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Thread: Answers needed for my project at university

  1. #11
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    Ubuntu 12.04 Precise Pangolin

    Re: Answers needed for my project at university

    In your field, LaTeX could be useful. It is available for all three PC operating systems, but I think Linux users push it harder than others.

    For examples, Google this: latex site:fullcirclemagazine.org

  2. #12
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    Re: Answers needed for my project at university

    As someone above posted, I chose Ubuntu mainly because of the huge online resource that is this forum.
    You have certainly got some good quality answers so far.

    I also liked the Ubuntu philosophy and the human colour scheme. (8.04 was the first version that I tried)
    http://www.ubuntu.com/about/about-ubuntu/our-philosophy
    http://en.wikipedia.org/wiki/Ubuntu_%28philosophy%29

  3. #13
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    May 2008
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    Ubuntu Gnome 14.04 Trusty Tahr

    Re: Answers needed for my project at university

    Good morning

    One of the salient features of Ubuntu (together with other Linux distributions) is the ability to make a Live USB device with the capacity to store data and add software.

    Have a quick look here:- https://wiki.ubuntu.com/LiveUsbPendrivePersistent

  4. #14
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    Re: Answers needed for my project at university

    The quality of these answers has been excellent. I wasn't expecting the helpful commentary that I've been receiving, so thank you all so very much.

    I would say there is very little to know about Ubuntu, it's most important functions are the same for windows and mac, you need to know how to install programs, how to open programs, and how to manage your open applications, but none of this is difficult from an explanatory point of view, and the people I speak to daily frequently struggle with these no matter which operating system, there are hundreds of millions of windows users who don't know how to multi-task for example, if they want to go from email to web, they quit the email app and open internet explorer, and then the same in reverse to go back.

    I would argue that in 2013 the terminal is not an important function of the Ubuntu desktop for the average user or a business user, there is simply nothing a user should be doing in it.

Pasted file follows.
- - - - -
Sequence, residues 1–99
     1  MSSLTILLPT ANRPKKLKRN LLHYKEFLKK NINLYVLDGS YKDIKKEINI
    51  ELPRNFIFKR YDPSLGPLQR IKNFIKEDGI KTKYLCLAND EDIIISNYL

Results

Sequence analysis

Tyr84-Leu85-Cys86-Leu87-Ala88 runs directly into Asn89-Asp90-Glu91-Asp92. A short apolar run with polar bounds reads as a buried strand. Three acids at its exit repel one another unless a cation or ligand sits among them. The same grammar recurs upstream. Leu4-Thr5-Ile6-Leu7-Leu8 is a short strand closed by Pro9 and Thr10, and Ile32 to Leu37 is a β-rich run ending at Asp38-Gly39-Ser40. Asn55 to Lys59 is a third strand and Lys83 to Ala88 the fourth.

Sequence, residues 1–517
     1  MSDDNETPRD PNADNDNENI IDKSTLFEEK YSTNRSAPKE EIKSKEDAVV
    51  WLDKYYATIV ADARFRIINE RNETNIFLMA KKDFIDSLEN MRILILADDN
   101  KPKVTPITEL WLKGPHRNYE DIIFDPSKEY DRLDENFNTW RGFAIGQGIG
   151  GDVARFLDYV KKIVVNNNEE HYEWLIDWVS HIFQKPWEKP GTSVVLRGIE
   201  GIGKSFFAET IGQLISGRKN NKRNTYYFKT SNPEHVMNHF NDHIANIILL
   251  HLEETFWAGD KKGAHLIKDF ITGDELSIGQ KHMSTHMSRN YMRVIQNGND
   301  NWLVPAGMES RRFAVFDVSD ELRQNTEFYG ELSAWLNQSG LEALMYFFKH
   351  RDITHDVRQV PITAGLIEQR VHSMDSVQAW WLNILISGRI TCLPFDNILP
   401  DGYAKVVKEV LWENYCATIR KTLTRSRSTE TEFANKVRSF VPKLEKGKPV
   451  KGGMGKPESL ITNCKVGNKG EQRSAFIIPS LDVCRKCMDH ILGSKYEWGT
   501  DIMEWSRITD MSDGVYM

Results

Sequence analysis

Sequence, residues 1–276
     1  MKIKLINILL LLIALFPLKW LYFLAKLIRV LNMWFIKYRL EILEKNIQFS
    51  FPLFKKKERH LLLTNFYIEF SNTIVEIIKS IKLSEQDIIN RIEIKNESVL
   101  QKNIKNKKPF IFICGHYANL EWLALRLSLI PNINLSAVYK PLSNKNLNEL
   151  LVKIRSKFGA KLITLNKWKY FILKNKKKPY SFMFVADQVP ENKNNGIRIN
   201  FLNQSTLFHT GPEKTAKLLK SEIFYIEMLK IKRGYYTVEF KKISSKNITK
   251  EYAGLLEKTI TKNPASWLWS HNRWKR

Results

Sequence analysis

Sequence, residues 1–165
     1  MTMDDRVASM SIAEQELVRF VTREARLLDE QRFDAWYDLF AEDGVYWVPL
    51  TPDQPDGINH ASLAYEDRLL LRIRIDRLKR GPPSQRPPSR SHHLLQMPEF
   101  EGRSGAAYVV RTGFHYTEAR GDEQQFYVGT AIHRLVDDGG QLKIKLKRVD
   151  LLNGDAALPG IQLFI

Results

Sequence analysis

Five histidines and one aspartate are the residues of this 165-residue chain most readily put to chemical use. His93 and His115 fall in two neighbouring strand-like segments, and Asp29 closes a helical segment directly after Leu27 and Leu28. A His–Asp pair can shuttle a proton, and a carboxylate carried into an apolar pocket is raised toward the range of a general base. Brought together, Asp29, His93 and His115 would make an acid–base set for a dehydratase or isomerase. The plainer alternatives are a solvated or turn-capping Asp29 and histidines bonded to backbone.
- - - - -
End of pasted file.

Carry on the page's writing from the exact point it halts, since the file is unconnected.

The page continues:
For me the best and most important function of Ubuntu is that it lets me run the programs which I want to run (spotify, sublime text, chrome, VLC, Steam), and I find the Unity Launcher the easiest "dock" to multi task with.
    The ability to multitask better than in windows is what I find to be especially important to my field, thank you.

    I think I would start with the basics about testing a Live CD and system/hardware compatibility. And the ease of installation, then applications like LibreOffice and Gimp. Also would make the point that Ubuntu is Linux and many things run on Linux from kitchen appliances to video streaming boxes like Roku, and ereaders like Kindle. Also Ubuntu is not just a desktop operating system it runs servers, phones, and likely will be a part of the upcoming Steam Machine for gaming. Also many other operating systems are based upon Ubuntu, such as Linux Mint.


    Excellent comment, thank you. I have noticed that more and more programs and clients are supporting Linux, specifically Ubuntu.

    The most important functions of an operating system (eg. Ubuntu but also Windows, OSX etc...) are these:

    - Access to CPU. We need a system that sends instructions to the CPU - the central processing unit, the engine of the machine.
    - A file system structure and a protocol for accessing that structure.
    - The ability to interpret some files as CPU instructions that can read other files as data and to direct data to other files some of which may be video or sound devices
    - Support for a user interface, where a user interface (UI) provides methods for users to send instructions to the OS


    Interesting. I can see how that'd be incredibly important. Thanks for the comment.